Rev. Dr. David D. M. King, OSL
Sunday 1 May 2022
The Third Sunday of Easter
Saul of Tarsus. Known throughout the land as the archenemy of the disciples of Christ. He is the villain, persecuting anyone who believes in Jesus.
But he is beloved by the religious authorities. He is zealous for the faith, and he is able to stamp out these wrongheaded heretics. He wants to make sure that no one is led astray by these strange new ideas, wants to be certain that believers are taught correct doctrine. Saul is a fervently religious man, zealous for God’s cause. And it is out of true devotion to God, to the word of the Bible, and to God’s ways that Saul strikes out against those misguided disciples, those followers of the Way.
We don’t often recognize that, because we have already drawn our lines between good and evil. But for Saul, a deeply religious man who has spent his entire life studying the scriptures and seeking to be a devout follower of God, this act that we call persecution is an act of piety. Saul deeply believes that God is on his side, and that these new followers of Jesus are wrong, are dangerous, and are leading people astray.
And so, in his deep religious fervor, Saul strikes out in judgment in destructive ways. And by doing so, he finds himself not helping God, as he had intended, but opposing the new thing that God is doing.
It’s certainly not the first time, nor the last time someone with deeply-held religious convictions has turned to judgment and destruction. Religious zeal is very often a source of oppression and violence in the world—or at least the justification for it. We know how religion can be twisted. We know how devotion and zeal can at times lead us in the wrong direction. We know how great passion for God can sometimes bring us to do things that are in opposition to God.
And that is what happens with Saul. His devotion is twisted into judgment, persecution, and violence, until he ends up opposing the God he seeks to serve.
And so what is to happen to Saul, the great persecutor of Christ’s disciples? What is to happen to all of those who have turned religion into an excuse to kill and terrorize? Shouldn’t God deal harshly with them? Shouldn’t God bring them to justice, as we would say? Shouldn’t God strike them down and send them to hell?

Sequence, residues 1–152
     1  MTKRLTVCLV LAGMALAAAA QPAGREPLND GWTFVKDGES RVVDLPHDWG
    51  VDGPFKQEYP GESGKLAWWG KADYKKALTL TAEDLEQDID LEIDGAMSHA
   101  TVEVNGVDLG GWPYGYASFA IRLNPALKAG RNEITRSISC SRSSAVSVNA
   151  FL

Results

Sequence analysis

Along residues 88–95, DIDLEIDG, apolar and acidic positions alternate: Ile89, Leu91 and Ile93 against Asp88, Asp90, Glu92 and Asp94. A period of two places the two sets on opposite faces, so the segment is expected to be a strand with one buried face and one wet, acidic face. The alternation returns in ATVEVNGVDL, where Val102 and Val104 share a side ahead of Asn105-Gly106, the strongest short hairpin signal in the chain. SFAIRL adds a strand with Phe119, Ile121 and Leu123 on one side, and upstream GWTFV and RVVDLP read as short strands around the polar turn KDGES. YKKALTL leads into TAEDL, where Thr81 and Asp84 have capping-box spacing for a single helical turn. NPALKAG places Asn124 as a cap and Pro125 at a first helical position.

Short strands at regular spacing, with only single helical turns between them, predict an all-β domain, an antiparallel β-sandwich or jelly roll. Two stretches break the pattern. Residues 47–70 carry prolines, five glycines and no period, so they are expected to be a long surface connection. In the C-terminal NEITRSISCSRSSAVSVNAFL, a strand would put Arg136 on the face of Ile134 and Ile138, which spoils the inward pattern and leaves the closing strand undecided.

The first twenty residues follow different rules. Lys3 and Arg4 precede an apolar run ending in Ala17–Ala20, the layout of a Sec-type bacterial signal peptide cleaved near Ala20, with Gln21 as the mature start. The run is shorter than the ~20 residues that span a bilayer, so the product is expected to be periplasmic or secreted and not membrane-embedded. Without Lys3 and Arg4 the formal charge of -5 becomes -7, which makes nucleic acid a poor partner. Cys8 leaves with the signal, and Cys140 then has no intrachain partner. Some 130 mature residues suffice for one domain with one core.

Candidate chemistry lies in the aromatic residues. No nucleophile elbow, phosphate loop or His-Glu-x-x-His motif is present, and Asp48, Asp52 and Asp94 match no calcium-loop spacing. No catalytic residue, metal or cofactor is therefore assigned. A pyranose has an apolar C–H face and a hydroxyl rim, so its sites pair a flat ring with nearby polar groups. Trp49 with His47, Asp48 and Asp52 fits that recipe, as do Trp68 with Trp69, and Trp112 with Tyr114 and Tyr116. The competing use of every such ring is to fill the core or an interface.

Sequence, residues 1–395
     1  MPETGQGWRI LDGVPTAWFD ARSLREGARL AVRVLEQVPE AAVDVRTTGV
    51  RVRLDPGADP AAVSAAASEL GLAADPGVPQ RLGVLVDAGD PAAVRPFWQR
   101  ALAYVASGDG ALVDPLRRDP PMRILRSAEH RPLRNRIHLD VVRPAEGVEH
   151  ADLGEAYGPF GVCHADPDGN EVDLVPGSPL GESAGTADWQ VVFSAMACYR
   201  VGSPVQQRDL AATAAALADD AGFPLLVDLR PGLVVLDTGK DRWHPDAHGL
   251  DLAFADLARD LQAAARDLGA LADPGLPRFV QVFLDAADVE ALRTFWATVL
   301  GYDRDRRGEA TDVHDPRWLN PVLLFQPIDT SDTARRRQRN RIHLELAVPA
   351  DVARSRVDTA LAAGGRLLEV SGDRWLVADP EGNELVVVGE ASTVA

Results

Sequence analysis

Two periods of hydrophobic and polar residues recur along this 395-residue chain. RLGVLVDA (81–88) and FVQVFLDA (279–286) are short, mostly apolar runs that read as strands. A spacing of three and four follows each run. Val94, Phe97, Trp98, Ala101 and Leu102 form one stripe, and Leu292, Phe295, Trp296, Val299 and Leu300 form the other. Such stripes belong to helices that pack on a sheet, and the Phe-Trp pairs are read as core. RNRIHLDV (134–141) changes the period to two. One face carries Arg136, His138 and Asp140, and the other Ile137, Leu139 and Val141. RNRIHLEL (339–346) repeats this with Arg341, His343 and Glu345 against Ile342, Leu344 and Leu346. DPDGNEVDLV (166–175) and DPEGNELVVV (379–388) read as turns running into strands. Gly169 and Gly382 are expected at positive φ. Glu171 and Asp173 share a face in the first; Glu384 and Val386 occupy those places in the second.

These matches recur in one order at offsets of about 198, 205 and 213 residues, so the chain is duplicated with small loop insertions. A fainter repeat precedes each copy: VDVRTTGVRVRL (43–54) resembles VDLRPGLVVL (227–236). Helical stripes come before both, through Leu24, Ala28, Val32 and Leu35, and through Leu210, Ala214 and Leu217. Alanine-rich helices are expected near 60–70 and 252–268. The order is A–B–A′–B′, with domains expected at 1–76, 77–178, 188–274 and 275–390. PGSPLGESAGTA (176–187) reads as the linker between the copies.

That seems to be what Ananias thinks. When God calls on Ananias to go find Saul and offer him healing, Ananias responds, “Are you sure that’s what you want to do, God? Maybe you haven’t heard, but this man Saul is your enemy. He is an evil man who has been threatening your people.” It’s actually a bit humorous to read, as we hear how Ananias tries to convince God that Saul is really not worthy of healing or redemption or salvation.
But it is a very human response. We do the same sorts of things. We say, “No, God. That person is evil. That person is unredeemable. That person is beyond help.”
But God has another plan for Saul. God says simply, “This man is the instrument that I have chosen.” And we know the story. Saul, whose religious zeal has made him the chief persecutor of early Christians, is transformed on that road to Damascus. Saul, the enemy of the church, becomes the greatest of the apostles of the church, a man we know better by the Greek version of his name: Paul. That same zeal that led Saul to kill is transformed by God into a zeal that leads Paul to bring the Good News of Jesus Christ to people all over the world, to go out on a limb and preach the Gospel to Gentiles, and to set the very foundations of what we know as Christianity today. The action of the Holy Spirit in Saul is able to redeem him, to take his tremendous gifts, and to redirect them from destruction to instruction, from religious persecution to spiritual revolution. It changes him from an oppressor to a confessor of the name of Jesus Christ and of the transformative grace that Christ embodies.
Because that is the heart of the Christian message. God’s grace to forgive our wrongdoing, and God’s power to transform our lives into something better, just as God transformed Paul from a judgmental religious fanatic into one of the greatest proclaimers of God’s grace.